Archive for September, 2008

The main site is located here.

Some of the websites I liked:


Want to do more with your pics than just dump them online? Scrapblog lets you grab your photos from Flickr, MySpace, Facebook, Picasa, and many more photo sites, and use them to construct cool (and free) multimedia scrapbooks. You can also use video in your scrapbooks, and the interface is very easy to use.

This Twitter-like microblogging service goes beyond Twitter by letting users share images and video clips through their Plurk feeds. The interface is also a lot more fun to use, and guess what: It rarely crashes (sorry, Twitter).

PageOnce collects your account info for just about any online account you might have and aggregates the info into a single page that looks good and is easy to keep track of. Keep tabs on your bank or investment accounts, see what’s going on with your social-network profiles, check how many minutes you have left on your cell-phone plan, or even which Netflix movies are on the way.

Drop.io is, put simply, the best file-sharing service we’ve seen. Just type in the URL you’d like to use, upload your files (up to 100MB), set a password and/or privacy setting, and choose how long the link should be live (up to a year from the last page view). Sharing the files is then as easy as sending the URL around. There’s no registration, no cost, and no limit to how many URLs you can use.


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I just happened to chance upon PC Mag’s Top 100 Classic Websites of 2008 listing. Very nice and informative list, I must say. The below is a subset of their top 100 – which I personally liked. I am excluding widely used websites like Google services, Yahoo! Mail, IMDB, Amazon, Digg, Twitter, LinkedIn, Facebook, Wikipedia, CNet, MediaFire etc. I hope you will like the list. Note that the descriptions are copied from PCMag website – not mine.

PCMag Top 100 Websites (2008)

PCMag Top 100 Websites (2008)

1. Looking for a way to keep your obsessive-compulsive blog reading habits under control? Bloglines’s browser-based reader will aggregate all of your feeds into two manageable windows, and also lets users forward along those stories that deserve a second read.

2. Once we found this online instant-messaging aggregator, we realized there was no going back. Meebo gives you AIM, Gchat, Yahoo!, MSN, and more, all from the comfort of your browser.

3. The reigning king of list-making services, Remember The Milk is extremely customizable, so you can make your to-do lists and get your reminders however you like (text message, Twitter, AIM, e-mail, Skype, and on and on).

4. For audio, video, images, and docs, YouConvertIt is a dead-simple way to change the file format into something you can use.

5. Zoho brings full-featured office apps online. Along with the standard word processing, spreadsheet, and presentation programs, the suite also gives users tools for note taking, wiki creating, project management, and more.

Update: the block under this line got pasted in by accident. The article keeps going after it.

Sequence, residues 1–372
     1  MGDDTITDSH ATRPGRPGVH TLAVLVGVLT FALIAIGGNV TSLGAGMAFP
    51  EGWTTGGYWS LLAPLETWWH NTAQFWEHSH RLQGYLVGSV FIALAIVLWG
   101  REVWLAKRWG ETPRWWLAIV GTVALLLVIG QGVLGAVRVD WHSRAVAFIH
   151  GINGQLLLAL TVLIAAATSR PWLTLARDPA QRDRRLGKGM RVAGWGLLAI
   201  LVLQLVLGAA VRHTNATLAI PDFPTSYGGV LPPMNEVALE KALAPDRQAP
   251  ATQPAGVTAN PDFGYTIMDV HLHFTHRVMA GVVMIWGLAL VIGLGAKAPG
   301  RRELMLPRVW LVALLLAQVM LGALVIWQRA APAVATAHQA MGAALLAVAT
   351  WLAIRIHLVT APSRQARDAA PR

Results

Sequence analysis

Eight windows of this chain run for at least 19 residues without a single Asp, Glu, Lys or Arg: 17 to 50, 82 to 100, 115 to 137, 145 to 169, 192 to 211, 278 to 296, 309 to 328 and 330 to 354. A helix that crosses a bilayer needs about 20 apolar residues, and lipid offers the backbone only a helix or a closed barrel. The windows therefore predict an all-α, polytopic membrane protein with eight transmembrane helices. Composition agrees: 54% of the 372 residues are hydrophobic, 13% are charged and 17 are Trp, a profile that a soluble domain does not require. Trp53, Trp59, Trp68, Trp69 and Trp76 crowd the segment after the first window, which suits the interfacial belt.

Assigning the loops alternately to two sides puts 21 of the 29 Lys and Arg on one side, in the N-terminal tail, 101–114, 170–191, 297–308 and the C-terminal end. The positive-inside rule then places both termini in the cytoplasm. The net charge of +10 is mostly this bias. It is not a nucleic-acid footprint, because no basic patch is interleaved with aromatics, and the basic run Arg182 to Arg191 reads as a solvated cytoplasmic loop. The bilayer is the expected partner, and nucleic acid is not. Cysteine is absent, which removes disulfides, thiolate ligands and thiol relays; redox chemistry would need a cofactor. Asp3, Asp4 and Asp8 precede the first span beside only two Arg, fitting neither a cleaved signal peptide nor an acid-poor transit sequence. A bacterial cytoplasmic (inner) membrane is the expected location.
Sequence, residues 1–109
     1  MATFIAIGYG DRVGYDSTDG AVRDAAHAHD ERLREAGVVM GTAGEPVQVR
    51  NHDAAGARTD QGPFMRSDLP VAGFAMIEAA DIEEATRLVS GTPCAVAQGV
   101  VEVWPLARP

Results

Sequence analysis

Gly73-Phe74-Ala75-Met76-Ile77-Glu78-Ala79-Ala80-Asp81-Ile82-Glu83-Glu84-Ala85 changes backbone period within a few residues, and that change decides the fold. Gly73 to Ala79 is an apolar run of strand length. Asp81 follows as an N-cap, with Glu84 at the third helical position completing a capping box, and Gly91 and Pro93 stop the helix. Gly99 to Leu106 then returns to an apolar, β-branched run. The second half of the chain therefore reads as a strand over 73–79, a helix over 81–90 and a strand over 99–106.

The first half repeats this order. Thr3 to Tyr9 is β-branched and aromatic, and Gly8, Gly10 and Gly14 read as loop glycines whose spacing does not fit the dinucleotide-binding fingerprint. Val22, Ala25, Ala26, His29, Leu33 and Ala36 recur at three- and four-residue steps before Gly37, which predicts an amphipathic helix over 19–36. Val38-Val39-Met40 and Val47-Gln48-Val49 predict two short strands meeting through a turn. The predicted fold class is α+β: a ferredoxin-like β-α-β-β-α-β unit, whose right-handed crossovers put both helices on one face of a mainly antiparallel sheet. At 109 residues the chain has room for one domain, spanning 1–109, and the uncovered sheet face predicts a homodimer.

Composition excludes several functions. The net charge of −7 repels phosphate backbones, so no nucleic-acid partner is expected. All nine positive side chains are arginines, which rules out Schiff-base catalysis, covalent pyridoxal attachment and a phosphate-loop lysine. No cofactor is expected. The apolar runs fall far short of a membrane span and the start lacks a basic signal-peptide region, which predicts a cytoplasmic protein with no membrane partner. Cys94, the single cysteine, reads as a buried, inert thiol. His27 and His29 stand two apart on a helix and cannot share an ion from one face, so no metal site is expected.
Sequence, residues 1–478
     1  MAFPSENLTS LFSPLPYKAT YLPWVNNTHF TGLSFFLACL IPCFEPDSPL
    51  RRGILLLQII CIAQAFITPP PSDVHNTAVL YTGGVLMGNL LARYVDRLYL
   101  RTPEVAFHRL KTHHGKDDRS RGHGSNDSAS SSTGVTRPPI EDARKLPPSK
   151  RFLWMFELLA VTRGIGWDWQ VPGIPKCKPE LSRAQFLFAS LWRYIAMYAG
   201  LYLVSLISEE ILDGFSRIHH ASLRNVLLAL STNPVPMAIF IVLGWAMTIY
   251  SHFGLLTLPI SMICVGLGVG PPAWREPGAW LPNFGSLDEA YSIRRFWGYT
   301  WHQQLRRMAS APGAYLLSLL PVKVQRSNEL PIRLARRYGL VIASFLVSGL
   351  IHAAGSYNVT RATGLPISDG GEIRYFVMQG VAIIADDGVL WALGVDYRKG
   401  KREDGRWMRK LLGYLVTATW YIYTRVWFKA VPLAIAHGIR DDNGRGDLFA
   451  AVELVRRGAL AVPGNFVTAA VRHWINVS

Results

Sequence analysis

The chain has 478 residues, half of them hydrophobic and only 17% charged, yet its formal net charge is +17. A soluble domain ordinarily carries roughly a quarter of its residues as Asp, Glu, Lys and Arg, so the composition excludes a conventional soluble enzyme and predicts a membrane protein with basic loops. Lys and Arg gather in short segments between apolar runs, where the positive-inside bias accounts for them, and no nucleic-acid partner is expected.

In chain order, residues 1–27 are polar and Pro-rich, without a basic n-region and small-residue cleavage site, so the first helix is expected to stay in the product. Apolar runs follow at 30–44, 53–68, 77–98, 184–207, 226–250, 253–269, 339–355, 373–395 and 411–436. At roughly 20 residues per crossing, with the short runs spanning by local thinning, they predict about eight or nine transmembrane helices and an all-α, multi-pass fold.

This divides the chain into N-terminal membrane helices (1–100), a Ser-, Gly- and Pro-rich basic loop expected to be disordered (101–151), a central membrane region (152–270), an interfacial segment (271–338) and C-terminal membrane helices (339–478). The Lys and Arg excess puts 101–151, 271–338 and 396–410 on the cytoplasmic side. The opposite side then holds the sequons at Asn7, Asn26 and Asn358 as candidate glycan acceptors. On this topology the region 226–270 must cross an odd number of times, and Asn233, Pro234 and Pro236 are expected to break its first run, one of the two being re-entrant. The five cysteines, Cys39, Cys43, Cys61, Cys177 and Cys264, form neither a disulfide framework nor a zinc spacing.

6. ScienceDaily isn’t like other news sites—after all, few have a section called “Fossils & Ruins” (though CNN.com might have one in the form of the Larry King Live updates). From space to nano and all the areas in between, ScienceDaily aggregates and adapts stories from around the Web and the world, leaving no bit of science unexplored.

7. One area of health care not in crisis: self-diagnosis! WebMD and its Symptom Checker are probably the best tools available to budding hypochondriacs and even real sick people to get a handle on what’s eating them (perhaps literally, from the inside out) without resorting to actual medical professionals.

8. There is no excuse for misusing or misspelling words—not if you have an Internet connection, anyhow. This is the free destination on the Web for dictionary searches (you get results from a variety of top-name dictionaries). But that’s not all: It’s packed with other tools, like thesauri, encyclopedias, translators, and much, much more.

9. The fact is, politics is all about spin. The fact is, “spin” is a euphemism for “deception.” The fact is, there’s at least one great site on the Web, one nonpartisan, nonprofit site, that can help you unspin the gibberish that will assault your ears during this year’s U.S. presidential election campaign (and the gibberish that comes from politics in general). The fact is, that site is Fact Check.

10. This site is packed with science and trivia of every sort, from debunking the onion-powered iPod to articles on the history of Beijing’s underground city. But the main strength of How Stuff Works is indeed the articles that live up to its name. This is the place you’ll go if you care to know how GPS works, how your cubicle can make you sick, or even how performance-enhancing drugs work.

11. The coolest site on the Web for how-tos. If you’re looking for a new project, whether it’s how to grow delicious peppers or how to modify your Xbox for rapid-fire cheating in first-person shooters, Instructables is the place to look. Best of all, it’s a DIY site in the sense that anyone can contribute a project.

12. This nonprofit site provides free access to a ton of great content, from live Dead shows to Washington Irving’s Sketch Book. The site’s showcase (and the feature nearest and dearest to our hearts) remains, however, the Wayback Machine, which hosts snapshots of Web sites throughout time—over 85 billion of them.